Similar to last week, I continued to read through Chapter 5: Perpetual Learning. This time, the pattern I am writing about is Learn How You Fail, and I’m finding it extremely relevant to my independent study at the moment. The pattern itself discusses that the path to success isn’t just all about learning and knowledge acquisition, but that it is equally important to pay attention to how your learning progresses and analyze why it stalls when it does — because it will stall. Sometimes we have behavioral patterns that negatively influence our ability to learn and perform. Once we become conscious of these behavioral patterns, we’re faced with a choice. You either accept that you will not change and attempt to collide with the issue forever, or you work to fix the problem. In the world of software development, this pattern may come up where there are gaps of knowledge in things that you have failed learning before. When you come across this, try sitting back and examining the trajectory you were on when you originally attempting to learn it and recognize what caused the interference. Try to reiterate on what mistakes you made originally, and intentionally spend time on those issues.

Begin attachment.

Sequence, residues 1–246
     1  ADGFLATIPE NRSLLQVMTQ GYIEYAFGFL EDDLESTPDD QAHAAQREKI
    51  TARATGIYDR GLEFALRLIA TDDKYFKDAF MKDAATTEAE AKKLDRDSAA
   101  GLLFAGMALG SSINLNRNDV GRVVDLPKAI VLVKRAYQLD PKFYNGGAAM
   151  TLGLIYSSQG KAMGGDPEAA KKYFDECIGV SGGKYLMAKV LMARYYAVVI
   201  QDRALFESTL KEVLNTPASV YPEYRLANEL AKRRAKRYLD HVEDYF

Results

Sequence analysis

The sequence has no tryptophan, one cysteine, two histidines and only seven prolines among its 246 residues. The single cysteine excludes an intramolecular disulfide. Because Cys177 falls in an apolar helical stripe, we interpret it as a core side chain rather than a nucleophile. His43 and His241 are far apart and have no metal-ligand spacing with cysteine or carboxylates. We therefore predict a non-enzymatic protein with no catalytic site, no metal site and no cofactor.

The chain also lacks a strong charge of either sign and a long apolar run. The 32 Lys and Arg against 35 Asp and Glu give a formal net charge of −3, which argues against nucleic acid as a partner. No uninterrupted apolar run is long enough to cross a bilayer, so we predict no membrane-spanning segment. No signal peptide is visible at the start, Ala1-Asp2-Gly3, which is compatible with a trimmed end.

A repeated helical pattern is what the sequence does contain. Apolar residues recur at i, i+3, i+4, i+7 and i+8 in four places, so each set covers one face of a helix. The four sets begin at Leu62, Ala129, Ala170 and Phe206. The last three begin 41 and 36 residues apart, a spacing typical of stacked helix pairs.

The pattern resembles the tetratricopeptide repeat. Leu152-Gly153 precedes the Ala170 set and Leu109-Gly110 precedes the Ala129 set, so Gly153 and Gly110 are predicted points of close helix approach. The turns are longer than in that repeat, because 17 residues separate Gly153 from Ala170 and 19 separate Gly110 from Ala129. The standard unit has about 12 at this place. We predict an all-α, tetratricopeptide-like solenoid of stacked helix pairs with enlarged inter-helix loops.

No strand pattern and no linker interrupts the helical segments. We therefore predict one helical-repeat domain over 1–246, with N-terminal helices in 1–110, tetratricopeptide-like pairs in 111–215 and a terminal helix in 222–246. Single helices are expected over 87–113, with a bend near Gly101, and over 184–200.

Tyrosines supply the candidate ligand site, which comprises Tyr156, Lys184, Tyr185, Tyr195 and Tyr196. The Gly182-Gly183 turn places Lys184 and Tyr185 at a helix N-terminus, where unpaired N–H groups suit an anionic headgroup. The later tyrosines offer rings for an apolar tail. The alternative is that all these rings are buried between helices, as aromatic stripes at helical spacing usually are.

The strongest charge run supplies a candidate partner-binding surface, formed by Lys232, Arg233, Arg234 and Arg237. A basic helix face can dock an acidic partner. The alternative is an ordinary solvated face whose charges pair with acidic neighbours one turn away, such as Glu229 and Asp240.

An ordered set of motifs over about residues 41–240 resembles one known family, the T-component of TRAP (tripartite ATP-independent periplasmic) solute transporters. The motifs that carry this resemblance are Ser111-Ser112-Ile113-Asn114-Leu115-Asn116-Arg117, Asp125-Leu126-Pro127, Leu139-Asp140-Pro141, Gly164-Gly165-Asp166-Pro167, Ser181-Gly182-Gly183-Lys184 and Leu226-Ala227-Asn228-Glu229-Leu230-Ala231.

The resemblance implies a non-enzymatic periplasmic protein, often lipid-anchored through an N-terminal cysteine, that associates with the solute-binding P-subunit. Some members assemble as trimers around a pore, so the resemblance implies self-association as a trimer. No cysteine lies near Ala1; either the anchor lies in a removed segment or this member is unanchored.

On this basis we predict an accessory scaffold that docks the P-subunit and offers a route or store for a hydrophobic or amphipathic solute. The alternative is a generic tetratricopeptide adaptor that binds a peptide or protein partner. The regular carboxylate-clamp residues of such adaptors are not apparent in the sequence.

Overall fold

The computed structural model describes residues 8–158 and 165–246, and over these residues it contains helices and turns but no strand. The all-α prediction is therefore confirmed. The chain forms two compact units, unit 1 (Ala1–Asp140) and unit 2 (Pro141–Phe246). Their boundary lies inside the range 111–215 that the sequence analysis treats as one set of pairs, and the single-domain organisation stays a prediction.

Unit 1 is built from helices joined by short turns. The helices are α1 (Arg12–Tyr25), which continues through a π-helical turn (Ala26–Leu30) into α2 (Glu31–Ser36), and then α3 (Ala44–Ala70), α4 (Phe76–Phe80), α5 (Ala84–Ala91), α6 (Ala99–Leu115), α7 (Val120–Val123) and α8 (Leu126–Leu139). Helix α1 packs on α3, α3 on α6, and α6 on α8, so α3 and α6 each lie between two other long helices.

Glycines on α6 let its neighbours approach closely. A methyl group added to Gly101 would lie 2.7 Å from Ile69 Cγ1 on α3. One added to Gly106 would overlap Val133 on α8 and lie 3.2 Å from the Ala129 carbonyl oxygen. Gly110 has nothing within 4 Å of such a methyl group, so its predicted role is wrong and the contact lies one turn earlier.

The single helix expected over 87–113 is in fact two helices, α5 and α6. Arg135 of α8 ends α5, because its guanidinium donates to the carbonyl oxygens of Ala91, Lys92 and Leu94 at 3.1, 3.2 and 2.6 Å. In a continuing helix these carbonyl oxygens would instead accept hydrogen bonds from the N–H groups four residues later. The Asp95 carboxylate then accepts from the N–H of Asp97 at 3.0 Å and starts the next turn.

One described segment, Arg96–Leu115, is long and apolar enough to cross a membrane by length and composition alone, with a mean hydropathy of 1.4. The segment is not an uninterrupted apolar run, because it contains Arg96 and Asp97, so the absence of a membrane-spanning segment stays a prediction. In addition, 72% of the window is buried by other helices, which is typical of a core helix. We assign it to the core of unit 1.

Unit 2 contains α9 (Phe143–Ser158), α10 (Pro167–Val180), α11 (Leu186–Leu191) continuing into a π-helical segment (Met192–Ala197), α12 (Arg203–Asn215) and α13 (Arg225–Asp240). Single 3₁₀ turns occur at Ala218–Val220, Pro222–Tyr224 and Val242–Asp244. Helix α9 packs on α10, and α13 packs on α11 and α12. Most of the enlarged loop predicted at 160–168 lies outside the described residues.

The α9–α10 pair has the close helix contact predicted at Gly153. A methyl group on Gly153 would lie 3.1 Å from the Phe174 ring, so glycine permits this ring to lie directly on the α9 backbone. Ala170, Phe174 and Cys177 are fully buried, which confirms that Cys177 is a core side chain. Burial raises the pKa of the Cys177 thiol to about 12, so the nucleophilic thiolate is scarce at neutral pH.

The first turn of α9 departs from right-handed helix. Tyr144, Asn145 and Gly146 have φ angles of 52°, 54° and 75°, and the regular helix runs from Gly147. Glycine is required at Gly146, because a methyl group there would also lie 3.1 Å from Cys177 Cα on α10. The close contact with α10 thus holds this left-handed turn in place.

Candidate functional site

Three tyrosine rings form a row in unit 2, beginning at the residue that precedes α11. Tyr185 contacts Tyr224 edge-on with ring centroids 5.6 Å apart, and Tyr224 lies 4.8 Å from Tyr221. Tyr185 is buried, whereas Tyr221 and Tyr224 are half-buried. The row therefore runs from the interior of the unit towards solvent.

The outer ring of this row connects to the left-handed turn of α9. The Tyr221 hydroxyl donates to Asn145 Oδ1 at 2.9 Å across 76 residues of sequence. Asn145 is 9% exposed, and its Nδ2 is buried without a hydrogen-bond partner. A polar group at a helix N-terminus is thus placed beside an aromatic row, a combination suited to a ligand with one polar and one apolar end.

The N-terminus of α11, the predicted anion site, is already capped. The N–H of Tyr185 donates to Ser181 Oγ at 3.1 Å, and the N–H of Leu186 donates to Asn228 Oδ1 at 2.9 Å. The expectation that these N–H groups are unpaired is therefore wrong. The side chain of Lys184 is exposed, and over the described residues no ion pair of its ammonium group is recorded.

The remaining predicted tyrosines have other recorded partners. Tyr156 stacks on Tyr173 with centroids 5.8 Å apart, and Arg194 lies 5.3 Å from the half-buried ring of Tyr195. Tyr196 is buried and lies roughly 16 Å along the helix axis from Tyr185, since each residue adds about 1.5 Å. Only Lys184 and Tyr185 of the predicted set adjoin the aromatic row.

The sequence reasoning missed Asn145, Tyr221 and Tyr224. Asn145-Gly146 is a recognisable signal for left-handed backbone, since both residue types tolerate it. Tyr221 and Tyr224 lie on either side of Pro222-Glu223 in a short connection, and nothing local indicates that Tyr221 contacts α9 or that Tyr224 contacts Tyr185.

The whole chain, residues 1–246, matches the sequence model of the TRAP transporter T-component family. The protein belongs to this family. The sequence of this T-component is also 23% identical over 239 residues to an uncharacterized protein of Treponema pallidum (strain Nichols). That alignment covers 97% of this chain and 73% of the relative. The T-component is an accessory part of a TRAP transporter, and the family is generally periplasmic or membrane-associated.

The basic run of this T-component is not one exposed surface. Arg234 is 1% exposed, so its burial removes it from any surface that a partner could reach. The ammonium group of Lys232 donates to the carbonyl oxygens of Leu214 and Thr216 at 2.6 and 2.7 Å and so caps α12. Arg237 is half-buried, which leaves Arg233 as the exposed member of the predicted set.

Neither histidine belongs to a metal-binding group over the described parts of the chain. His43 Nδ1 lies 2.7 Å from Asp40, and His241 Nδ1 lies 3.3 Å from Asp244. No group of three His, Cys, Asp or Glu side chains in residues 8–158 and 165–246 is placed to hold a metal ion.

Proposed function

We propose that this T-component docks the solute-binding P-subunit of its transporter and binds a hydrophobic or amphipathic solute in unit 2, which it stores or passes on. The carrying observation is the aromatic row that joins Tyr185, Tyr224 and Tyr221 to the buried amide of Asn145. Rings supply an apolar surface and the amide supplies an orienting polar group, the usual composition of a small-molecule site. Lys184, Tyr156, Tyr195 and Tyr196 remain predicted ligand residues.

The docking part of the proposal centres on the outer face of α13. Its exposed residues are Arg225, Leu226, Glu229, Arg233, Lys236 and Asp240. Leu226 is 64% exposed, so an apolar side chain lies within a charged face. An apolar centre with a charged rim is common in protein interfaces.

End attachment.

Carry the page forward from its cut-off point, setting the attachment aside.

This pattern was particularly good for me to read at the moment because I’m attempting to tinker with the MINIX 3 operating system for my independent study and feel as though I’m struggling to make progress. I’m a fairly reflective person and I try to recognize any mistakes I’m making so I can work on them, but sometimes when something causes much stress and feels overwhelming it is very easy to get sucked in and forget the bigger picture. Taking time to step back, create a new plan of attack, and going at things from a different angle is key to overcoming obstacles. There is always an angle that will work, and it does just take finding it sometimes.
This, perhaps above any other patterns so far, may be the most important lesson to take from this book. It can be applied to every aspect of life and is absolutely critical for success in a field. Not only for success, but for staying in the right mindset (and for staying humble) in your advancement. Recognize that everyone, including yourself, has made and will make mistakes. It is precisely how you proceed forward from those mistakes that makes the difference in the long run.